“Herbert West has a good head on his shoulders… and another one on his desk.”
Directed by Stuart Gordon
Starring Bruce Abbott, Barbara Crampton, David Gale and Jeffrey Combs
Herbert West – Reanimator is the account of an unnamed narrator and his friendship with the eponymous West, a fellow medical student and later physician who led the pair’s exploration of the mechanisms of the human body and how they might be reanimated after death. From medical school to practice to service in the Great War, a series of episodes describe the progress of West’s work on his reanimating serum, ending each time in a distinctly qualified success. Finally, the victims of his work come for him, or the narrator finally cracks. One of the two.
Dan Cain (Abbott) is a struggling medical student, secretly engaged to the Dean’s daughter Megan Halsey (Crampton), who rents a room to West (Combs), a recent transfer from Zurich. West clashes with lecturer Dr Hill (Gale), who also has an unwholesome interest in Megan. This is already way more complicated than any relationship in the novella.
Cain is drawn into West’s experiments with a revivifying reagent, but when Dean Halsey is killed and they are forced to reanimate him to conceal the death, Hill tries to muscle in on the formula and the girl. West kills and revives (the now decapitated) Hill, who raises an army of zombies to defeat his enemies.
What’s wrong with it?
Re-Animator is a schlocky 80s horror-comedy, replete with popping eyeballs and foamy blood.
Abbott is supposed to be a stiff as Cain, but probably not that stiff.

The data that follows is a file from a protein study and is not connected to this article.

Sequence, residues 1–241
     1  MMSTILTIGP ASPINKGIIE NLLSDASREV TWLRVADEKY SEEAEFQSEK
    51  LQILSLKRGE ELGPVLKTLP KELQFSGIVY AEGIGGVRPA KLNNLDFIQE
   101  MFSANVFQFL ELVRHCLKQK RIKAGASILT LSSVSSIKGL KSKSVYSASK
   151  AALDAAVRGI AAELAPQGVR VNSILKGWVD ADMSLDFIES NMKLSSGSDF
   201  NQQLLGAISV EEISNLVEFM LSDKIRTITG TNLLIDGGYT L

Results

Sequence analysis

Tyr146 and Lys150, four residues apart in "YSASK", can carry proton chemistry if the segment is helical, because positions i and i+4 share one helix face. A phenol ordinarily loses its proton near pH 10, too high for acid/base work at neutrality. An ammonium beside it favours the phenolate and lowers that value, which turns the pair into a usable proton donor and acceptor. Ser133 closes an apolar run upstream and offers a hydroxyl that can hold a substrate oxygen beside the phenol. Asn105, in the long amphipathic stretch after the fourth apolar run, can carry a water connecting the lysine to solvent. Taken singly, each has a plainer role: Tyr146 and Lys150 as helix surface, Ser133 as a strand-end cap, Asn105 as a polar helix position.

The movie has more boobs than it really needs, by which I mean ‘some’. Also a scene in which a decapitated man attempts to position his head to perform unwanted cunnilingus on our heroine, which is pretty damned nasty.
What’s right with it?
Created by Brian Yuzna and Stuart Gordon, this is basically the acme of Lovecraft adaptations, in part because it doesn’t need as much done to it to make it into a filmable work. Herbert West – Reanimator has a much more conventional structure than most, and a clear ending with the army of zombies which is played out in a morgue in this version. All they really did was tack on a love interest and make the decapitated zombie a vainglorious sociopath instead of a heroic army medic.
How bad is it really?
It fun, in a gruesome way, apart from the torture porn bit with Megan strapped to a gurney being fondled by the decapitated Hill.
Best bit (if such there is)?
While there are no single standout scenes, Combs owns the film as the creepily plausible West, made rather more palatable by the grotesquerie of Hill.
What’s up with…?
- Zombie rape? Like, ever. That’s fucked up.
- The 80s?
Production values – It’s an 80s horror comedy, with all the prosthetic heads and popping, pink-gored eyes that entails. 8
Dialogue and performances – Combs is the standout, the others are… adequate. The script has some humour, but lacks the gruesome laughs of a Waxwork. 12
Plot and execution – Pretty damned good; the pacing is tight and the story coherent. 3
Randomness – Again, pretty tight. 4
Waste of potential – Top drawer Lovecraft adaptation, if in part because it’s an oddly non-Lovecraftian Lovecraft. 5